MONDAY, March 30, 2020
Stravinsky: Firebird Suite, age 39
- piccolo, 2 flutes, 2 oboes (2nd doubles English horn), 2 clarinets, 2 bassoons
- 4 horns, 2 trumpets, 3 trombones, tuba
- timpani, cymbals, bass drum, tambourine, triangle, xylophone
- harp, piano/celesta
The long story is above in the Wiki link. The short story is that Stravinsky took the music from his ballet and made a suite, then did three versions. The last, from 1945, contains more music and is the one we know today. He wrote it at the end of his earlier style, which was far more in the grand Romantic style.
Without going into technical details, last night I found a recording from 1957 that by the sound I would have thought was recorded this year. Stokowski conducted, and he had an incredibly intimate relationship with this music. From the Wiki article:
“Leopold Stokowski recorded The Firebird Suite eight times, more than any other conductor: with the Philadelphia Orchestra (acoustically) in 1924, and again (electrically) in 1927 and 1935; with the All-American Youth Orchestra in 1941 and the NBC Symphony Orchestra in 1942; with his own Symphony Orchestra in 1950; and in two stereo recordings, with the Berlin Philharmonic in 1957, and finally, at the age of 85, with the London Symphony Orchestra in 1967.
Why this recording sounds so good…
Recordings made at the end of the 50s and in the early 60s used tape recorders that were capable of recording sound in a way that can hardly be equaled today, but no one heard these tapes except the sound engineers who made them. Recordings were then released on records that were far less capable of delivering the full sound that was on the tapes. In addition, the record players that most people owned at that time were too inferior to reproduce the sound properly. Later, when some of these early recordings were remastered on CDs, the sound was clipped and brittle due to limitations in the newer technology.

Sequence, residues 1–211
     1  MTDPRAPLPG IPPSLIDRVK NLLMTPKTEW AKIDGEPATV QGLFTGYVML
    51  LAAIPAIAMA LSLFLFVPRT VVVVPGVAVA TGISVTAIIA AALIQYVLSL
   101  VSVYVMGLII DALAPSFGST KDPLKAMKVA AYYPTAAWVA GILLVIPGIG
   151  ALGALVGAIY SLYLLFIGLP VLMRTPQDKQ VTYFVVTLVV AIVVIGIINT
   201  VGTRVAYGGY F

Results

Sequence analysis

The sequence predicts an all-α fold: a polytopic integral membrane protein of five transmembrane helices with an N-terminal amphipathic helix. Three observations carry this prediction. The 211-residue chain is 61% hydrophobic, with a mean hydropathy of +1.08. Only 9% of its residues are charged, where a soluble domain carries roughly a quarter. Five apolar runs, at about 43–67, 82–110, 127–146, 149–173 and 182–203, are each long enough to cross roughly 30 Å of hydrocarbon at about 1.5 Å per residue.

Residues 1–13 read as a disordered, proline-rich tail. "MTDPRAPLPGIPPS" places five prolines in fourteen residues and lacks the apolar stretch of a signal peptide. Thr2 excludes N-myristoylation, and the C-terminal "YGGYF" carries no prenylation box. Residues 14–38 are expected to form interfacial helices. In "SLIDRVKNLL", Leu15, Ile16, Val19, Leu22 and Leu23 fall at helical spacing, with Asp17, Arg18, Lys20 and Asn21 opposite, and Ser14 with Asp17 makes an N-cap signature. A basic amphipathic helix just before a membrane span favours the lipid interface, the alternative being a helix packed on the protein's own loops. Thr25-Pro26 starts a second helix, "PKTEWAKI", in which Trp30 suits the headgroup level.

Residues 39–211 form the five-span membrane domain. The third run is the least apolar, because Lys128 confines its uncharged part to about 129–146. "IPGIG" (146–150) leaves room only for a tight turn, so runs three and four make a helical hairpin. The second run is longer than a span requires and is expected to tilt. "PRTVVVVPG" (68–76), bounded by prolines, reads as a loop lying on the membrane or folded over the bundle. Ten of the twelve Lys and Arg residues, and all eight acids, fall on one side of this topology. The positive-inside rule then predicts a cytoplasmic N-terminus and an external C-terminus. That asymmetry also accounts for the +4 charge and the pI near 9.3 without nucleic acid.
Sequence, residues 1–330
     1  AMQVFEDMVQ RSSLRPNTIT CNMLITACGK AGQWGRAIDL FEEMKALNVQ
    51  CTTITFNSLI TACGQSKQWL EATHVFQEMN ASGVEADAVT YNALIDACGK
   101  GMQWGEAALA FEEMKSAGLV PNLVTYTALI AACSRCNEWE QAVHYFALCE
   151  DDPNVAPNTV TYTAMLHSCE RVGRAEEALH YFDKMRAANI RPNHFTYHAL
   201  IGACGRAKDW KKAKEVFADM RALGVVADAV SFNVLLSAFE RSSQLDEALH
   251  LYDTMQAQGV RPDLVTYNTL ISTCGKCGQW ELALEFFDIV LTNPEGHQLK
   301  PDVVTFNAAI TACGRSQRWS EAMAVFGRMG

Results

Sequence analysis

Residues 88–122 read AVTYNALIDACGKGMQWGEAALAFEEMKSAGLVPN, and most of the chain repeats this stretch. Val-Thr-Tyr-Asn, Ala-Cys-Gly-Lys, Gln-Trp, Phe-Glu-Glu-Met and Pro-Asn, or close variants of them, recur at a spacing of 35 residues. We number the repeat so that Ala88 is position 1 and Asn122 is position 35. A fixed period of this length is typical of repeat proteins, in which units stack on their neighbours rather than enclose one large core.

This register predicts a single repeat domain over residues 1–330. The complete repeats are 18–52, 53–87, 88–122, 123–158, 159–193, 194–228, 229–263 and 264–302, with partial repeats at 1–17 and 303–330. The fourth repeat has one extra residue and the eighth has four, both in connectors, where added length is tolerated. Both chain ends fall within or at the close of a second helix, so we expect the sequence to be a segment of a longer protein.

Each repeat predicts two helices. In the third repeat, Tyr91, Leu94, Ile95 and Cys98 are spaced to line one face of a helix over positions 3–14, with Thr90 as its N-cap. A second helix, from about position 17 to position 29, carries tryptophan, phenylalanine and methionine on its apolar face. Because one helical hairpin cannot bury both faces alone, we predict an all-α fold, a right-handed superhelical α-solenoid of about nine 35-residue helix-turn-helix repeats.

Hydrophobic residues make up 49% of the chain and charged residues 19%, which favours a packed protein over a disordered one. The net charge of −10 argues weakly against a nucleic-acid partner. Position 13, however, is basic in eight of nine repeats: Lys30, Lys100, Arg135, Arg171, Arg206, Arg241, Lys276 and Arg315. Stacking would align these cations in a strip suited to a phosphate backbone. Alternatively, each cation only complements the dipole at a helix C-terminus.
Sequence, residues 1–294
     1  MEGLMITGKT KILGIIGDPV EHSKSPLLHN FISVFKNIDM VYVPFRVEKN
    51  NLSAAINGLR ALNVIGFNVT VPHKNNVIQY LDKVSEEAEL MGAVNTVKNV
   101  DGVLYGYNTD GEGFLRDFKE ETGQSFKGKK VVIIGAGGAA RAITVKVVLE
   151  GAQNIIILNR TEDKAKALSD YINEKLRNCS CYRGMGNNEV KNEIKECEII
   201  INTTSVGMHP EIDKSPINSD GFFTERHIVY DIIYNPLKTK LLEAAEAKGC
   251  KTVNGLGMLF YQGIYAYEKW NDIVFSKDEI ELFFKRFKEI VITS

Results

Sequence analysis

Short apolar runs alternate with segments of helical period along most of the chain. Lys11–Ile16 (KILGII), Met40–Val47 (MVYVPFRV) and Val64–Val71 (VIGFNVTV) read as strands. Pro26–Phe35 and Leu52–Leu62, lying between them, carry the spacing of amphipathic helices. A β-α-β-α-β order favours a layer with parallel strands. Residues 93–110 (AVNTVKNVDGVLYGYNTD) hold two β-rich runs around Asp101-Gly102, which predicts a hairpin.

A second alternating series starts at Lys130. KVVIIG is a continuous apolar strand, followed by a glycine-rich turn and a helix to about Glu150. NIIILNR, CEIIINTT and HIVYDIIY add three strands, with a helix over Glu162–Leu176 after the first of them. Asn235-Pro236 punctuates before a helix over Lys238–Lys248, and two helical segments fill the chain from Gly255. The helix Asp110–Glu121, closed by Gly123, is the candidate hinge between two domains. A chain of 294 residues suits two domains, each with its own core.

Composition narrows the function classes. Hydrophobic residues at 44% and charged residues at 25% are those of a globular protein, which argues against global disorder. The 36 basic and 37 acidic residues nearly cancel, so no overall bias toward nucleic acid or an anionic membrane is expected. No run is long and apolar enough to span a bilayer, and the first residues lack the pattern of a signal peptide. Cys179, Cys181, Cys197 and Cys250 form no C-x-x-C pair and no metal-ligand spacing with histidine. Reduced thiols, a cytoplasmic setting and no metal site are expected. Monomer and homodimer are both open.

Fast forward: we now have the capability of taking those amazing tapes and re-mastering them in a way that allows the average listener to hear what those tapes sounded like and still sound like, played from those original Ampex machines. DSD is the game-changer. I don’t understand much of the technical stuff, but the result is a sound that is mind-blowing.
The result is that this 1957 recording of sounds as good as anything I’ve ever heard of The Firebird but also is performed than another other I’ve heard. It was like going back in a time machine to hear Stokowski, the legendary conductor of Fantasia. This means that we hear a conductor who was born in 1882 at the same time as Stravinksy, who was renowned for his conducting and recording innovations. That alone is fascinating. But because of advances in remastering, the result is that we hear it all as if both men were still alive and creating all this right now.